Advocacy group claims Texoma facing nursing home workforce crisi - Newschannel 6 Now | Wichita Falls, TX

Advocacy group claims Texoma facing nursing home workforce crisis

© A Texas health care advocacy group claims Texoma is facing a workforce shortage in nursing homes. (Source: KAUZ) © A Texas health care advocacy group claims Texoma is facing a workforce shortage in nursing homes. (Source: KAUZ)
WICHITA FALLS, TX (KAUZ) -

A Texas health care advocacy group is reporting a problem it claims is impacting nursing homes in Texoma. 

Texas Health Care Association released statistics, it says, shows there are fewer nurses working at long-term care facilities.

The advocacy group claims the turnover rate at nursing homes in the area is more than 90 percent.

Anthony Weary, an administrator at Advanced Rehab and Healthcare, said their retention rate is 50 percent. For most industries, that is a failing grade but the advocacy group claims that is a passing grade according to its report.

"We try to limit the amount of turnover that we can but it's just a hard thing to get it where it's under control all the time," Weary said.

Weary said one of the reasons they struggle to retain Licensed Vocational Nurses (LVN) and Certified Nursing Assistants (CNA) is because of the low unemployment rate and competitive wages in other trades in Wichita Falls.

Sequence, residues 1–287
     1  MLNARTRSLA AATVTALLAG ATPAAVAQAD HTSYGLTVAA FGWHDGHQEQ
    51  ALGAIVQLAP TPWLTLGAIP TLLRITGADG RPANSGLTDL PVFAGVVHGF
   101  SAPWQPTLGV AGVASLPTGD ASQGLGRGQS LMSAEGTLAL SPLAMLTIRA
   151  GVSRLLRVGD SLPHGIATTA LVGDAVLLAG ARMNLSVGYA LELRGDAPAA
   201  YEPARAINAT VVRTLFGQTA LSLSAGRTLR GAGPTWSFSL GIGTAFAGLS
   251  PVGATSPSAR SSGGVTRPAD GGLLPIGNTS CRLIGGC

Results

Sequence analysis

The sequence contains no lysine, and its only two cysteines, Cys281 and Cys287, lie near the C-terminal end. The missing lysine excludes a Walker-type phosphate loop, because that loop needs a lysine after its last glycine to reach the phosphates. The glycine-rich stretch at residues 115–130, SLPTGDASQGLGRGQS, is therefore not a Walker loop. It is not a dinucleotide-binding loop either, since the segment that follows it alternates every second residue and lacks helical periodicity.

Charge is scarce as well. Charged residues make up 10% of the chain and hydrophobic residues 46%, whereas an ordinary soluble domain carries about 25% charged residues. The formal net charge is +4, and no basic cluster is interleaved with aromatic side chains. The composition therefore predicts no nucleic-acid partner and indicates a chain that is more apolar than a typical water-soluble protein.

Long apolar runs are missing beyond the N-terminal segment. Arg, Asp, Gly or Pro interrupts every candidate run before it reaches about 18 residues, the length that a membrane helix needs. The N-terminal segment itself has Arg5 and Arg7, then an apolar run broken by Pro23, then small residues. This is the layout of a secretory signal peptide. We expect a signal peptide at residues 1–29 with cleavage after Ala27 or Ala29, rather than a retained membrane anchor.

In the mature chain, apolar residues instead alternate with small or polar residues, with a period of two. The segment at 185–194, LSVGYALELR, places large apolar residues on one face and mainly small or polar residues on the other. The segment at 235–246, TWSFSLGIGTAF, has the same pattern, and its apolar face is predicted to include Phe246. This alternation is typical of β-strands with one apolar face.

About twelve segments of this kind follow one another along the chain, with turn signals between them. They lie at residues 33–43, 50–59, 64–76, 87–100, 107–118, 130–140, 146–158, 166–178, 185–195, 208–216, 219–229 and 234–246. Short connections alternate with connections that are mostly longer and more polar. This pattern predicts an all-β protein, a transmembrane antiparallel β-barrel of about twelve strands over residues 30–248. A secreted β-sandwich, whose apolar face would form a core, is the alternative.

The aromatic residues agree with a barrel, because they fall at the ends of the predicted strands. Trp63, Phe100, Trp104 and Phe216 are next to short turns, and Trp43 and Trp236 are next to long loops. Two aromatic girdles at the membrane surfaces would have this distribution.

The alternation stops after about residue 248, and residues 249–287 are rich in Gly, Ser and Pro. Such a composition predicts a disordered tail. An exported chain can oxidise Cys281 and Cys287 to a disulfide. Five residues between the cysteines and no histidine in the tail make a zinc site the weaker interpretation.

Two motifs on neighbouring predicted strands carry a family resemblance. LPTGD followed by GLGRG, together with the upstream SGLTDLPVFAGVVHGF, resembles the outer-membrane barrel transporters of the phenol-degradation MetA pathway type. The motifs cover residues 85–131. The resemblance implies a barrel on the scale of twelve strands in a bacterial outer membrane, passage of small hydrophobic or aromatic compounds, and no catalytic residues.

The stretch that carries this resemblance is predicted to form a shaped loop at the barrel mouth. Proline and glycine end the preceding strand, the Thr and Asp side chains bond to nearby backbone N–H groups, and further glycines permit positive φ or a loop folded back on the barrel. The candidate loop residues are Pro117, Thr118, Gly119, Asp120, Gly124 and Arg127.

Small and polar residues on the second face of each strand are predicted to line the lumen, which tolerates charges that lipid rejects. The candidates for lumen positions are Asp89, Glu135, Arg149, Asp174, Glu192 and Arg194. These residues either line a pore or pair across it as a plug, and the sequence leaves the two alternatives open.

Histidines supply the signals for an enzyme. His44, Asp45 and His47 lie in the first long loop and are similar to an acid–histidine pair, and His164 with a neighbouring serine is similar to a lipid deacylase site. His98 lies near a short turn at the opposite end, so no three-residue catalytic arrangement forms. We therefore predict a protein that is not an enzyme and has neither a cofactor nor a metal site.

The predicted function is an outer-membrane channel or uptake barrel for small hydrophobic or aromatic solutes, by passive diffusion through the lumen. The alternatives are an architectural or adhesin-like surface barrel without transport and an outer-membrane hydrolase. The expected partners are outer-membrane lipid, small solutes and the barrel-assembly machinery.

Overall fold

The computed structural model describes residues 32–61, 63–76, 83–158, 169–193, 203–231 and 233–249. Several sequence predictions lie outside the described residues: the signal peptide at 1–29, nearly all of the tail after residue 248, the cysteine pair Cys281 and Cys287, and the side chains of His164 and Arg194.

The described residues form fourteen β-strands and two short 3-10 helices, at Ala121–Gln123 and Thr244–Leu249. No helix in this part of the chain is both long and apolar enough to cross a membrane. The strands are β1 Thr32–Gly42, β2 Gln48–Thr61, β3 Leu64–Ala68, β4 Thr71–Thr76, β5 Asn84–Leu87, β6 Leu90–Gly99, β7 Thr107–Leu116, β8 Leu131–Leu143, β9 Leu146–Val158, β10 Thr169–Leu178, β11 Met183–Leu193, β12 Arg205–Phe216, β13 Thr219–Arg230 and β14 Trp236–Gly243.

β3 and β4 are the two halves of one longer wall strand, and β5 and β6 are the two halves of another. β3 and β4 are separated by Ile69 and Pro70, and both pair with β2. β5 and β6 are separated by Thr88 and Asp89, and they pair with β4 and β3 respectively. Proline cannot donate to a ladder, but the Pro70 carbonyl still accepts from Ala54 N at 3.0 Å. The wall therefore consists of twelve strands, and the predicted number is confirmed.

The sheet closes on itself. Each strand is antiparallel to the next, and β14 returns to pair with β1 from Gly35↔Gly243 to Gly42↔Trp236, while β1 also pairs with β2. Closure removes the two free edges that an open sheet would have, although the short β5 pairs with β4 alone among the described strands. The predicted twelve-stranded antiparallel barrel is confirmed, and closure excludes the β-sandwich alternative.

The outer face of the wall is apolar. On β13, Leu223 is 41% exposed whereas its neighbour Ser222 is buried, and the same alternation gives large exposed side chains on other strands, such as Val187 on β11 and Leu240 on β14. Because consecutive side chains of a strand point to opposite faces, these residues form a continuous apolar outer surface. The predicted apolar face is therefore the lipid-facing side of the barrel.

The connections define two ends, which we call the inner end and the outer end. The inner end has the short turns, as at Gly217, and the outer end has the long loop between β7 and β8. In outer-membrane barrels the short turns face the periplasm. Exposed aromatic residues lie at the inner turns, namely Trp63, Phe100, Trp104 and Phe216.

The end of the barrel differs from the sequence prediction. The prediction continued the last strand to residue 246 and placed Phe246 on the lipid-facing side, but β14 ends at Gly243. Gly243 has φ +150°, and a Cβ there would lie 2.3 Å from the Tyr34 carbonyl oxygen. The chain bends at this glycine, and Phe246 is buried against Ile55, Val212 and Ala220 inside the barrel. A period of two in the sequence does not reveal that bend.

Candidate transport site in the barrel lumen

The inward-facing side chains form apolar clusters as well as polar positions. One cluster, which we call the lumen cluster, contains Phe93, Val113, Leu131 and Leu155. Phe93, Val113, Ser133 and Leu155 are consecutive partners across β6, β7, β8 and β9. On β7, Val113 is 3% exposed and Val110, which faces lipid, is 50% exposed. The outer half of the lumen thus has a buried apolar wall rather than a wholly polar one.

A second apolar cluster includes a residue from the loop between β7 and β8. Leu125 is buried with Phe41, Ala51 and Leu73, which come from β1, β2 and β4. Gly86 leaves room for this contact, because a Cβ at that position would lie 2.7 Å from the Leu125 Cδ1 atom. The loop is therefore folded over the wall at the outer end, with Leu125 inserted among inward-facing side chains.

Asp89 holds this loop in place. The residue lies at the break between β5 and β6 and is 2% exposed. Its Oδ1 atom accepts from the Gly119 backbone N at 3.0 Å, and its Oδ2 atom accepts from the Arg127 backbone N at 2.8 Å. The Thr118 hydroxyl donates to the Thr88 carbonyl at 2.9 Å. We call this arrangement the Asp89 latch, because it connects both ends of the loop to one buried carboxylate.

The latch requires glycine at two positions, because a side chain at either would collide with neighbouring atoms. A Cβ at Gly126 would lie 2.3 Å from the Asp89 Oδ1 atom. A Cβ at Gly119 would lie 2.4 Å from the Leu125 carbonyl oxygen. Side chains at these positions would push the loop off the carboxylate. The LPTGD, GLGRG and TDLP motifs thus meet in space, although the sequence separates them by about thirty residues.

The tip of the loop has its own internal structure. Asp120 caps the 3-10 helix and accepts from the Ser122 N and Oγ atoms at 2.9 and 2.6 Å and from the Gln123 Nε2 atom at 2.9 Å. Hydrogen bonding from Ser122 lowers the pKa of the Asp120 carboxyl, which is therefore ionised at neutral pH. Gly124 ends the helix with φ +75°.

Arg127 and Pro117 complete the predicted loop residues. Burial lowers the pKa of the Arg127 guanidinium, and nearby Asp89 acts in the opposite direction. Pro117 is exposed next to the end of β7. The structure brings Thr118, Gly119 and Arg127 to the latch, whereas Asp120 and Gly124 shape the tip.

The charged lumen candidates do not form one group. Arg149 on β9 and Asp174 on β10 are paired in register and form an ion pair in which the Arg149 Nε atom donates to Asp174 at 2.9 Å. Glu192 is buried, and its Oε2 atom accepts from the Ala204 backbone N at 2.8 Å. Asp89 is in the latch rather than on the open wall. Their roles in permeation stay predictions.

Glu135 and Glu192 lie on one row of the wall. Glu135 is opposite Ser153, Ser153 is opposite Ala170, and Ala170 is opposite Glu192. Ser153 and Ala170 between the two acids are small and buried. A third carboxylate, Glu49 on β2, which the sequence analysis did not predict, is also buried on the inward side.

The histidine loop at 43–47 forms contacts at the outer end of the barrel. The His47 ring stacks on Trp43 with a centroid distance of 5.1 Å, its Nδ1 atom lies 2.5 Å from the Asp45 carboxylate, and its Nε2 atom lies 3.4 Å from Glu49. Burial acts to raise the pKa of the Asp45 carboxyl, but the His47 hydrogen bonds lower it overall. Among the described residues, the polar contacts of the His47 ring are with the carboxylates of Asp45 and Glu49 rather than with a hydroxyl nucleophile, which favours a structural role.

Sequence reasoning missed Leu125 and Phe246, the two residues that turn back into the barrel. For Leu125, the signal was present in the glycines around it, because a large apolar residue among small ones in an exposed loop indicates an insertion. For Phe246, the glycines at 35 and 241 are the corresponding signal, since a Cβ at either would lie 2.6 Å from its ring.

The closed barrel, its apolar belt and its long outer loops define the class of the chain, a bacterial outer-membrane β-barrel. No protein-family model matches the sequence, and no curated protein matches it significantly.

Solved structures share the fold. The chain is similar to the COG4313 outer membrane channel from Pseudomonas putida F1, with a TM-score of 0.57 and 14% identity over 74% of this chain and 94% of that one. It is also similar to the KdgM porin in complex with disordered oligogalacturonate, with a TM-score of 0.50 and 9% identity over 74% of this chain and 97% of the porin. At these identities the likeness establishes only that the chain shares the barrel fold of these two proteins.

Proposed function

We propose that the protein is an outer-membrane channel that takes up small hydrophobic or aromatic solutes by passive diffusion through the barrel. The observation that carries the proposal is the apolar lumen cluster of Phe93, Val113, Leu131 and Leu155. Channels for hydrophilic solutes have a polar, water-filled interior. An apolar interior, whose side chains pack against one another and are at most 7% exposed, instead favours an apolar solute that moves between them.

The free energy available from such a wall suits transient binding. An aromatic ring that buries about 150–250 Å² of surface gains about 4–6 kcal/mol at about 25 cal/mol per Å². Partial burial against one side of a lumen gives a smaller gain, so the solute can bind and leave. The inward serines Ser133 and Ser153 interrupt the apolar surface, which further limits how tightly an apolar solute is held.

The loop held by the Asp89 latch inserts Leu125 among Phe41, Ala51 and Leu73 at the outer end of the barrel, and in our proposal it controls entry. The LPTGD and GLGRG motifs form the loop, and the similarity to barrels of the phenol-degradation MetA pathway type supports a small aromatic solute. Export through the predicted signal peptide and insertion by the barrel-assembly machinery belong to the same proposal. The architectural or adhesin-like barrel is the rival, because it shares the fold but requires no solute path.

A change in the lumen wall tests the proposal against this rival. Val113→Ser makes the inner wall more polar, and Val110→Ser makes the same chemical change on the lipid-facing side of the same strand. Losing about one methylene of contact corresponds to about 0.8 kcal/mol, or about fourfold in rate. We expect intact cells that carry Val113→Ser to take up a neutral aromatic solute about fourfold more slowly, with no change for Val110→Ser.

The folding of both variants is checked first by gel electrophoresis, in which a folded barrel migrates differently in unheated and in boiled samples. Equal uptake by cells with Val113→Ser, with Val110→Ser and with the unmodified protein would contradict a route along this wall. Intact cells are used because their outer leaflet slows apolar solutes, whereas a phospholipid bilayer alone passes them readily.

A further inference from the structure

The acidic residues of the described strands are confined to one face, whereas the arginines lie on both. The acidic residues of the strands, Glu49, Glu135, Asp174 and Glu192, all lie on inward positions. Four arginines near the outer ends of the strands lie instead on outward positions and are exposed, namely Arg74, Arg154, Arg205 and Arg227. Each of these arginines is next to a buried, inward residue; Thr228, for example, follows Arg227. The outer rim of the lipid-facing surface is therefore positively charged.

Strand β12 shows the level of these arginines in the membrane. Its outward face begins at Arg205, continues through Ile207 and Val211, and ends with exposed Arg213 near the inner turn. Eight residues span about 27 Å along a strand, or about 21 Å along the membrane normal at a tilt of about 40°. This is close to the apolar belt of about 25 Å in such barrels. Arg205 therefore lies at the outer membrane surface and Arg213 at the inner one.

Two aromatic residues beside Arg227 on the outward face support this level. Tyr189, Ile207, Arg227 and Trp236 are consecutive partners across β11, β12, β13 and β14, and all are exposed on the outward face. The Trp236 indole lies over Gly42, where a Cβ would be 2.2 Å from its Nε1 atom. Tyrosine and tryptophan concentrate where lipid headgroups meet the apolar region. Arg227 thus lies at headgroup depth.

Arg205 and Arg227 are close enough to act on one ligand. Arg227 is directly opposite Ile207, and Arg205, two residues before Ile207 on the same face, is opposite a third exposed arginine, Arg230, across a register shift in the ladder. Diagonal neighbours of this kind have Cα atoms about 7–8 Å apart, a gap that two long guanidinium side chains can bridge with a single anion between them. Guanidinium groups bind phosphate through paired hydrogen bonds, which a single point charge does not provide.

"If they're able to get paid comparable wages in the community without having to work as physically as they have to do, then, of course, people will take those jobs," Weary said.

Kevin Warren, CEO of Texas Health Care Association, said it is hard for nursing homes to raise wages because of the state's low Medicare reimbursement.

Weary said recruiting of staff at his nursing home is another reason more people are leaving.

"We've lost quite a few staff moving away from Texoma. [They're] going to another area, [like] into Dallas, the Metroplex, around those areas. [Even] San Antonio, we've had a lot move down that way also," Weary said.

He also said they make scheduling adjustments to combat a worker shortage. 

"If we have to pull shifts, we'll pull shifts if we're low in staff for some reason," Weary said.

Weary said the biggest problem with the constant change of employees is its impact on resident care. 

"If it's a new nurse coming aboard, they're going to have to explain their care to them," Weary said.

He said some of their nurses have been at the nursing home for years while others leave in a few months. 

Copyright 2018 RNN Texoma. All Rights Reserved.
 

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